The Nature of Evil

What is evil? This article discusses the qualities and nature of evil.

What is Evil? All snakes fascinate their prey, and pure wickedness seems to inherit the power of fascination granted to the serpent. It stupefies and bewilders the simple heart, which sees it without understanding it, which touches it without being able to believe in it, and which sinks engulfed in the problem of it, like Empedocles in Etna. Non possum capare te, cape me, says the Aristotlean motto. Every diminutive of Beelzebub is an abyss, each demoniacal act is a gulf of darkness. Natural cruelty, inborn perfidy, and falseness, even in animals, cast lurid gleams, as it were, into that fathomless pit of Satanic perversity which is a moral reality.

Nevertheless behind this thought there rises another which tells me that sophistry is at the bottom of human wickedness, that the majority of monsters like to justify themselves in their own eyes, and that the first attribute of the Evil One is to be the father of lies. Before crime is committed conscience must be corrupted, and every bad man who succeeds in reaching a high point of wickedness begins with this. It is all very well to say that hatred is murder; the man who hates is determined to see nothing in it but an act of moral hygiene. It is to do himself good that he does evil, just as a mad dog bites to get rid of his thirst.

To injure others, while at the same time knowingly injuring one's self, is a step farther; eveil then becomes a frenzy, which in its turn, sharpens into a cold ferocity. Whenever a man, under the influence of such a diabolical passion, surrenders himself to these instincts of the wild or venemous beast, he must seem to the angels as a madman -- a lunatic, who kindles his own Gehenna that he may consume the world in it, or as much of it as his deveilish desires can lay hold upon, Wickedness is forever beginning a new spiral which penetrates deeper still into the abysses of abomination, for the circles of hell have this property -- that they have no end. It seems as though devine perfection were an infinite of the first degree, but as though diabolical perfection were an infinite of unknown power. But no; for if so; evil would be the true God, and hell would swallow up creation. According to the Persian and the Christian faiths, good is to conquer evil .... Love will be more potent than hatred; God will save his glory, and his glory is in his goodness. But it is very true that gratuitous wickedness troubles the soul, because it seems to make the great lines of the moral order tremble within us by the sudden withdrawal of the curtain which hides from us the action of those dark, corrosive forces which have ranged themselves in battle against the divine plan.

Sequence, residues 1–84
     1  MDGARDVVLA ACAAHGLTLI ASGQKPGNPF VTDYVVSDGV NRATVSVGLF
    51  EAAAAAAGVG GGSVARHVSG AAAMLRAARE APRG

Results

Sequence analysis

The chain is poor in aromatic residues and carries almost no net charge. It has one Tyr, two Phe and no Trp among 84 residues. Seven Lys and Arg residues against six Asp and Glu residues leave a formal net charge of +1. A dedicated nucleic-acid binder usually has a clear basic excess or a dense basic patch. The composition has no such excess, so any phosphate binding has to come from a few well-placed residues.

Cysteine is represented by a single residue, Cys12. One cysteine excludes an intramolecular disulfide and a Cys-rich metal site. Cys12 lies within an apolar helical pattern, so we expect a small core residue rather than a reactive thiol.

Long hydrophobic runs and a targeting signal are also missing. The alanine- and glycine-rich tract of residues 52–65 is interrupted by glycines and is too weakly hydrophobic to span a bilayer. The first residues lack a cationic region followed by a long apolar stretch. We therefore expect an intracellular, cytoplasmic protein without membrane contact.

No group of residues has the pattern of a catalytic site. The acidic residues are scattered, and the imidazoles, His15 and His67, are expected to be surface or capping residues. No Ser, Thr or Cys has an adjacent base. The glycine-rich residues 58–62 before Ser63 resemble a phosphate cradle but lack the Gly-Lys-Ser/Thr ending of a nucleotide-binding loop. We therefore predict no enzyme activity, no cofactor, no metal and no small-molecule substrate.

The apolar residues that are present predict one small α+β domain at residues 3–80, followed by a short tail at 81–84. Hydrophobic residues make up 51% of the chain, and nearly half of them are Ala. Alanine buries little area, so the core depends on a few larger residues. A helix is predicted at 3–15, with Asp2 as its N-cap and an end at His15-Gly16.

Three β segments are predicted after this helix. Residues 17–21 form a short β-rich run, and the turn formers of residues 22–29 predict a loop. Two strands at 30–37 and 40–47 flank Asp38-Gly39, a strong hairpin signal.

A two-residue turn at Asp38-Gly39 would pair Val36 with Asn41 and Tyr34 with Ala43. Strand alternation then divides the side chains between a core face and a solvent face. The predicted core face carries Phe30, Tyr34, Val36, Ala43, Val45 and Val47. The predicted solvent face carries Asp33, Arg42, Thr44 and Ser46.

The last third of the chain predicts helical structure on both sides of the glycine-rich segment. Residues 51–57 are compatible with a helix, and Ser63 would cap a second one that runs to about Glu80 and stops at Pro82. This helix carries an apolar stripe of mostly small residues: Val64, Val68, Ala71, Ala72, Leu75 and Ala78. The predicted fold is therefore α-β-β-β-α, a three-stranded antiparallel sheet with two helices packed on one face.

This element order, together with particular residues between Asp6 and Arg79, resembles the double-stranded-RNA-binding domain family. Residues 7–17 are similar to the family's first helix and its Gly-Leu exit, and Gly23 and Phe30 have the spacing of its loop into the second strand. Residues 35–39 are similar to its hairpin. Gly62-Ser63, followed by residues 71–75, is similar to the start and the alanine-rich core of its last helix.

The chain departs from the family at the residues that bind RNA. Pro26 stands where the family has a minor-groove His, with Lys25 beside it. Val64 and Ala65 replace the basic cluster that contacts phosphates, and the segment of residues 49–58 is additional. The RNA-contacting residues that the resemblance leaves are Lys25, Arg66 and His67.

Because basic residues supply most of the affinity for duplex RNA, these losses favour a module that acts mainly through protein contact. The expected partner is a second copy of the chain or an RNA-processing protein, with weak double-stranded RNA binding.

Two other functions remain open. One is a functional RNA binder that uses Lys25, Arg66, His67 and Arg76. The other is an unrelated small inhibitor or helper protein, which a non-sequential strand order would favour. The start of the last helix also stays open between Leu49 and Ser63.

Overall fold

-- Henri Frederic Amiel, from his Journal May 30, 1865
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